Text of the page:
Paper Type

Master's Thesis


College of Arts and Sciences

Degree Name

Master of Arts in Practical Philosophy and Applied Ethics (MA)


Philosophy and Religious Studies

NACO controlled Corporate Body

University of North Florida. Department of Philosophy and Religious Studies

First Advisor

Dr. Bryan Bannon

Second Advisor

Dr. Mitchell Haney

Third Advisor

Dr. Erinn Gilson

Department Chair

Dr. Hans-Herbert Koegler

College Dean

Dr. Barbara Hetrick


There are different versions of the ethical approach known as “care ethics”, making care ethics more like a cluster of approaches rather than a singular one. Hence the question is not just whether care ethics is a suitable feminist ethic, but which version(s) of care ethics feminists should endorse. Considering which versions of care ethics are capable of recommending the sort of political activism that is required for progressive political change goes some distance in answering this question. The concern about whether care ethics can recommend the political activism needed for feminist aims arises because such activism exposes those the activist has intimate relationships with to various sorts of harm.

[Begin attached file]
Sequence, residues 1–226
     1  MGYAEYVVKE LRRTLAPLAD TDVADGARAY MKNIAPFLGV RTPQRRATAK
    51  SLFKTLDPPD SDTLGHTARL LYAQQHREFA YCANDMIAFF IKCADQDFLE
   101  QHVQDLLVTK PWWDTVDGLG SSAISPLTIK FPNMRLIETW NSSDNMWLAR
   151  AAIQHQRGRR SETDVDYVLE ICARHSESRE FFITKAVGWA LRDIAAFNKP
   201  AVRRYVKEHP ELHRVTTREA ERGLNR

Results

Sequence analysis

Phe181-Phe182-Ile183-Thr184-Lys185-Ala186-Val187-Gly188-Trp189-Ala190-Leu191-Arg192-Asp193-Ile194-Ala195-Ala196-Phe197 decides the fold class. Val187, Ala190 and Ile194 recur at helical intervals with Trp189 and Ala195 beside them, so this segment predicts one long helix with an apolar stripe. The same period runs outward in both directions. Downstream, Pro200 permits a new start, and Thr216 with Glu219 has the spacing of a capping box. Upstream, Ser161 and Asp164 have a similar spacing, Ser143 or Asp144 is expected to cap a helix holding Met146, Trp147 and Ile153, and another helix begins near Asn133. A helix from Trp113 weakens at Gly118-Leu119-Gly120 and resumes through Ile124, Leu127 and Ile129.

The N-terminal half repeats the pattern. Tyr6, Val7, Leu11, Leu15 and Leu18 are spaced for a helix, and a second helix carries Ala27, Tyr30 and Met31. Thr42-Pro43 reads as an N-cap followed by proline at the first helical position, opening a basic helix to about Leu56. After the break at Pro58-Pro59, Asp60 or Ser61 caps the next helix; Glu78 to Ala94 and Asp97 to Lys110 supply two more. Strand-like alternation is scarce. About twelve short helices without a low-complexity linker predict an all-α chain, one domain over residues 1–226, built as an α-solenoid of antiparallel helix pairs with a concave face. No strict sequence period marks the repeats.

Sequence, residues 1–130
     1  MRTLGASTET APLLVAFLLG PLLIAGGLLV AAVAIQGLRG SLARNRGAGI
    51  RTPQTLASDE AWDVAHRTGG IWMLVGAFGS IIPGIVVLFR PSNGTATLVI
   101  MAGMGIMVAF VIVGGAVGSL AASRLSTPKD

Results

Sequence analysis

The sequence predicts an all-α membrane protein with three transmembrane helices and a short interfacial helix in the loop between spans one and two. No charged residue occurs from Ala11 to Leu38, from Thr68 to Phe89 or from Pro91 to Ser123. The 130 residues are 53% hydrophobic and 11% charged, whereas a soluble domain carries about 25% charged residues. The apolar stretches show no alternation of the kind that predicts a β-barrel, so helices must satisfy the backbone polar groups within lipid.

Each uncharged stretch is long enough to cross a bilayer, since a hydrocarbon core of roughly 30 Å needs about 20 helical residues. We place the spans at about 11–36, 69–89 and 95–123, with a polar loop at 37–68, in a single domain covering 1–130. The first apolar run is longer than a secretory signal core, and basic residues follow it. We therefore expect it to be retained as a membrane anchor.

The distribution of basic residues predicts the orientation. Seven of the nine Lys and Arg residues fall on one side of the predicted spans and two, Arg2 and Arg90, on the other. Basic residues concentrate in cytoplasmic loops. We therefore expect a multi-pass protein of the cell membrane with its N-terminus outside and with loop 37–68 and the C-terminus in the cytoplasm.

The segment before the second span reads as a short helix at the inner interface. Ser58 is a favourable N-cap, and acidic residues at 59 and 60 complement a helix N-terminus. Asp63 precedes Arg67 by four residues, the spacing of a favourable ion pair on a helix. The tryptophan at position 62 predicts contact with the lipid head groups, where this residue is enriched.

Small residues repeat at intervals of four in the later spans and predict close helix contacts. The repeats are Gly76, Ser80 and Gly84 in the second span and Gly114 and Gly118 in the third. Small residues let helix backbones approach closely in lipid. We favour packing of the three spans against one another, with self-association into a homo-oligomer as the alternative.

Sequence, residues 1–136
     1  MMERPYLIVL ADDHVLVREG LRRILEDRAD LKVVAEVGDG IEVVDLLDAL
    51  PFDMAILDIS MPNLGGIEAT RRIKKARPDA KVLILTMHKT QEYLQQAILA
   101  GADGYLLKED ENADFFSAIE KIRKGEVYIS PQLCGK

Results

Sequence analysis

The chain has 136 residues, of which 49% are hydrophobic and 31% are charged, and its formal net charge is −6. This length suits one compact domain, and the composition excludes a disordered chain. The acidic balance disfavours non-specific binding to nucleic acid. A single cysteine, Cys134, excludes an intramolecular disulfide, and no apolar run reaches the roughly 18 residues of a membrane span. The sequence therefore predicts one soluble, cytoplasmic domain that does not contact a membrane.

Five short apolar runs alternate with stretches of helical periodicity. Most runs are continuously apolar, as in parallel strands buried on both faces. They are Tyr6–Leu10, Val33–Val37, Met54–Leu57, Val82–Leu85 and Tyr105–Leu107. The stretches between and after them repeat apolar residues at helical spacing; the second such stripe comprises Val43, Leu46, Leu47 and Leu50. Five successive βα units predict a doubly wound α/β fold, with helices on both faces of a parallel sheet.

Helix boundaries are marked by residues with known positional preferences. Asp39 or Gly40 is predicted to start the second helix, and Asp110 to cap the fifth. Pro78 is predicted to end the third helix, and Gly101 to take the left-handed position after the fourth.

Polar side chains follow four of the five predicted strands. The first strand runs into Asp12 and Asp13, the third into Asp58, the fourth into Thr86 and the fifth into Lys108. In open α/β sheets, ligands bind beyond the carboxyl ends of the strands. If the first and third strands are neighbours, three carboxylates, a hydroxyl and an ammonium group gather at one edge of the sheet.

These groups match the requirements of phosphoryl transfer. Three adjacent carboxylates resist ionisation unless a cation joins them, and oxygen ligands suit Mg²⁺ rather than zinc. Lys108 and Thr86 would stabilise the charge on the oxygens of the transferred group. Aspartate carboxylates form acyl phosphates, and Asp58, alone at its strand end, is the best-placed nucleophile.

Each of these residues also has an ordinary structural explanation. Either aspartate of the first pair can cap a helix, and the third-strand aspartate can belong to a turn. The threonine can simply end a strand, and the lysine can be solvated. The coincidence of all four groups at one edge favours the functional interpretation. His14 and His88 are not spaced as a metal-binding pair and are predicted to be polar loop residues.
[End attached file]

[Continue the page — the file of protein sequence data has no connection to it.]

I argue that when construed as an ethical theory that incorporates a decision procedure for generating correct conduct, care ethics recommends against the sorts of actions that are required of political activists and for the practical goals of feminists. Construed as an ethical framework that has the more modest concern of providing conceptual orientation and critical tools for interpreting and reflexively interrogating the ethical landscape, however, care ethics can overcome the challenge presented by political activism when including what Bernard Williams calls “ground projects” amongst its available tools. However, because feminist care theorists and others sympathetic with care ethics have criticized aspects of Williams’ account of ground projects, I first respond to these concerns in order to accommodate these criticisms and demonstrate that I am not importing something into care ethics as a framework that does not have a place there.